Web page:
> made a mental note to return to photograph it when they start to bloom this Spring.
    >
    > Break time over, it was time to get riding. The undulating nature of the route and varying
    > surfaces made it fast and slow all at once. Riding the sandstone lines was like playing a jazz
    > tune, just jamming and playing our own riffs over the slabs. On the climbs, I kept to the steepest
    > lines because I felt like it and could. The drops were the same, though most were approached with
    > caution before throwing that notion to the wind after ensuring the runout was not too nasty.
    >
    > The best thing about sandstone is the grip it can have with the right tires. Any decent tread with
    > climbing shoe rubber on the knobs is just the ticket for this kind of riding. They are probably
    > the slowest rolling tires you can imagine, but they rule completely on the sandstone, especially
    > on off-camber slopes. This became even more evident when connecting up our original route to
    > another. It was a kind of sandstone slab hop-scotch, the connection well known to us and obviously
    > not used by anyone else. It features a few ledge moves and is mostly off-camber, but all on the
    > rock when ridden correctly. After having ridden that section with less than grippy tires, the
    > climbing shoe rubber tires made it very easy.
    >
    > The last part on the trail found my compadre taking the low road, while I decided on the high one.
    > I really felt the need for a few more steep pitches and wanted to see how my middle-ring climbing
    > was faring. At the top of the second pitch, there were a couple of other people on mountain bikes
    > (the first we had seen). They seemed to know the etiquette for yielding to the uphill rider, or
    > were taking the view because they decided let me pass. Of course I bade them a good day and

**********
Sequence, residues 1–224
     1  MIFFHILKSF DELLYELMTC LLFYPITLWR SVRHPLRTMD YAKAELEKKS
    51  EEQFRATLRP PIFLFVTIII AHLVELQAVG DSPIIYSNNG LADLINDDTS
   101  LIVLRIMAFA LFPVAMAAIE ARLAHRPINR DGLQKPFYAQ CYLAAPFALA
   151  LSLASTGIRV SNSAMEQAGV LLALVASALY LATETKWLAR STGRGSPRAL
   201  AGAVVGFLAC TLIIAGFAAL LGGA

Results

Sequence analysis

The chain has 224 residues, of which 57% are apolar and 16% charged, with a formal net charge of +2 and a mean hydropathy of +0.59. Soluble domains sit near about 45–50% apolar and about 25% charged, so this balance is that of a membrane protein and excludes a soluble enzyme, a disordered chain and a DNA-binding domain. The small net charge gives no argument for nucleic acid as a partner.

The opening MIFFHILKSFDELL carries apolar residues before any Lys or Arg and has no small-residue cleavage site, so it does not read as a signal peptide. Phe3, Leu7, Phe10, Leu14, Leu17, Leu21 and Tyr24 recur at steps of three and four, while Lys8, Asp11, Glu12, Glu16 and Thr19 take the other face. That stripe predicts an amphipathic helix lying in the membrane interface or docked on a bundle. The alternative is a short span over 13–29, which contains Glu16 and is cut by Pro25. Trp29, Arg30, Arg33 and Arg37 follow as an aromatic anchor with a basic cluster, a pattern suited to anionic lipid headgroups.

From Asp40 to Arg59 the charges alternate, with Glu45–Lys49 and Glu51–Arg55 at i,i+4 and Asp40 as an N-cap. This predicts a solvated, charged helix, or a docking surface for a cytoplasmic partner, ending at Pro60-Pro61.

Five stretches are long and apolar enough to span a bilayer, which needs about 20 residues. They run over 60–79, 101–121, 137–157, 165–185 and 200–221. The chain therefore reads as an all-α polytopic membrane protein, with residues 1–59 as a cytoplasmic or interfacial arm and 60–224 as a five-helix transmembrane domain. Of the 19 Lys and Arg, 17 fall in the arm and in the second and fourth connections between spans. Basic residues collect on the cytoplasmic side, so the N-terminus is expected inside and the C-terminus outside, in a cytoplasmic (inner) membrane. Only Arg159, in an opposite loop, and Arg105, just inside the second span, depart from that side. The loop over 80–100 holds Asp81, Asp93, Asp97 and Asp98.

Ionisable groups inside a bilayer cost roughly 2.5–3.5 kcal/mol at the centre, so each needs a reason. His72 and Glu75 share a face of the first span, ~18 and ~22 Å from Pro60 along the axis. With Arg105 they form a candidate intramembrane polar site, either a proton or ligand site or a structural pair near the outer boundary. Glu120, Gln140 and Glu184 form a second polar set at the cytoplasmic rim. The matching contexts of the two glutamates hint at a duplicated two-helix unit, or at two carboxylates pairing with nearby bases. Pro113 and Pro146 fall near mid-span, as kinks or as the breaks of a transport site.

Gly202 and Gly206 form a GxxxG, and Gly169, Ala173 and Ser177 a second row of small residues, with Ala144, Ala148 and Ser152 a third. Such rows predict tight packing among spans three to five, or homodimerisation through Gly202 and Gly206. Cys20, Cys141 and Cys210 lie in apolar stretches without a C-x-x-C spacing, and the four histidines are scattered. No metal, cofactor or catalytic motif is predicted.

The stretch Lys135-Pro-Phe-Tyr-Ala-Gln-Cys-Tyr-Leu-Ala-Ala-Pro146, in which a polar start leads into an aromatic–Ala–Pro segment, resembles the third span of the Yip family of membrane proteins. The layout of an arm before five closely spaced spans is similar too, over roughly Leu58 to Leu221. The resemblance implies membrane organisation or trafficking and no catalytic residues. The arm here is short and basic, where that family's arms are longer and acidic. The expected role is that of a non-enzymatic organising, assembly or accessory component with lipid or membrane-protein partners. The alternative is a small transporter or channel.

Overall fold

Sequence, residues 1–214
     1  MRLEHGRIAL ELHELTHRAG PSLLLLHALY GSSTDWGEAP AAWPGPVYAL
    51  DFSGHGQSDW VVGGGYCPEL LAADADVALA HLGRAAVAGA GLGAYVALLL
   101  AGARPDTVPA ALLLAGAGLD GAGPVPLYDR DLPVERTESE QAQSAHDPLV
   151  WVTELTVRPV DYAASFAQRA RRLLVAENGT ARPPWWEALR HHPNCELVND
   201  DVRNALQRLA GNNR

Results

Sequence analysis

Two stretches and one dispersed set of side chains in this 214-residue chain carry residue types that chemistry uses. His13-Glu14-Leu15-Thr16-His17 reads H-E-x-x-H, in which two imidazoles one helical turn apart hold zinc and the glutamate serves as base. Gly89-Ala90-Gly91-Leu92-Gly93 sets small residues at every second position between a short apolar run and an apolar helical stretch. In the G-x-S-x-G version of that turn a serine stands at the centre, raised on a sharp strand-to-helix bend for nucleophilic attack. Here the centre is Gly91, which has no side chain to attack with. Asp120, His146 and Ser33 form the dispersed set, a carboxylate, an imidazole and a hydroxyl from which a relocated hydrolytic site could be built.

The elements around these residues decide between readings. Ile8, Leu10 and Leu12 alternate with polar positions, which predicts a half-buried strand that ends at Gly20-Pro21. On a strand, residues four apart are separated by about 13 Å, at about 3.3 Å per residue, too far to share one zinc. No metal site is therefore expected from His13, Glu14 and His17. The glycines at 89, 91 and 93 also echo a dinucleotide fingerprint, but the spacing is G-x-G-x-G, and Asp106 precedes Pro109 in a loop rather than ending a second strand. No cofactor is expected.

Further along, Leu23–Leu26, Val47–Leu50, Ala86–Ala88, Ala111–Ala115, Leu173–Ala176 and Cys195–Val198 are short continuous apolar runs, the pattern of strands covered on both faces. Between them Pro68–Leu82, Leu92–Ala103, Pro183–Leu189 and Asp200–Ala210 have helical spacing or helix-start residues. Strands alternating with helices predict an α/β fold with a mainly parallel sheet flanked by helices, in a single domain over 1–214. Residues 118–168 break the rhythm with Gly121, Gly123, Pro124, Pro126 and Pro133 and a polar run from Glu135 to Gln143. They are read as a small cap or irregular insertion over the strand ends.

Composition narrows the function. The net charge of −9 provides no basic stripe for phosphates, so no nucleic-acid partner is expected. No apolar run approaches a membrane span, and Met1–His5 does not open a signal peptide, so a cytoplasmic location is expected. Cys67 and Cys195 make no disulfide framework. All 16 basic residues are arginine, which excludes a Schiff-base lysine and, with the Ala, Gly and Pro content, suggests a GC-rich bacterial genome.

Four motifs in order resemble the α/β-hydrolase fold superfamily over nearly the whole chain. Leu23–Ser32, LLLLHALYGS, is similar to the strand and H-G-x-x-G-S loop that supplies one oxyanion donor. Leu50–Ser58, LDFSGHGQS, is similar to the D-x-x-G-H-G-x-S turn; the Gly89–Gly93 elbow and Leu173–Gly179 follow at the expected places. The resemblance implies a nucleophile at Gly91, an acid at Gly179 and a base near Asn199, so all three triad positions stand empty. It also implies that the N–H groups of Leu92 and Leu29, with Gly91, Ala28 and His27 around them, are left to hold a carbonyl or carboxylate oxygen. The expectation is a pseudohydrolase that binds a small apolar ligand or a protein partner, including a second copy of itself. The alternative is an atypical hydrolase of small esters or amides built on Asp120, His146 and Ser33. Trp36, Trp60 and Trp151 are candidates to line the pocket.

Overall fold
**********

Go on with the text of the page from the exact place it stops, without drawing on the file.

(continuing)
> thanked them for the yield as I scooted over the top and jammed down the other side.
    >
    > After meeting up near the trailhead, we jammed back down to town at mach speeds on the road
    > previously climbed. It sure was much easier on the return flight. The bike path back to the
    > doorstep was a little more crowded with pedestrians, but we were in no hurry and mostly coasted
    > back to my friend's casa. Once back, it was beer:30 and we broke into his private beer stash to
    > celebrate the first ride from his new house and (his) first ride of the year. It doesn't get much
    > better than that.
    >
    > JD
    Glad to see someone is riding.

    TJ www.gvii.net/hundtoft
     
  5. Westie

    Westie Guest

    JD wrote:
    > What a cold, cold Winter it has been for Western Colorado and Eastern Utah. The trails have been
    <snip RR>

    Nice. ...I sound like Bill, don't I? I've never been on anything remotely like that rock. I'd love
    to try it one day.
    --
    Westie (Replace 'invalid' with 'yahoo' when replying.)
     
  6. Jd

    Jd Guest

    "TJ" <[email protected]> wrote in message news:<DYT%[email protected]_s04>...
    > Glad to see someone is riding.

    If you're about and it doesn't precipitate too much more today, The Angries, Kevin and I are going
    to ride tomorrow around midday. Come on out and ride with us.

    JD
     
  7. Jd

    Jd Guest

    Bill Wheeler <[email protected]> asked:
    > Nice. What is do you mean by doorstep?

    Doorstep:

    A ride from a residence to a trail, or a trail that leaves directly from a residence.

    JDictionary
     
  8. Paladin

    Paladin Guest

    [email protected] (JD) wrote in message news:<[email protected]>...
    > What a cold, cold Winter it has been for Western Colorado and Eastern Utah. Once back, it was
    > beer:30 and we broke into his private beer stash to celebrate the first ride from his new house
    > and (his) first ride of the year. It doesn't get much better than that.
    >
    > JD

    Luck duck. I miss it. Even all that middle ring climbing.

    paladin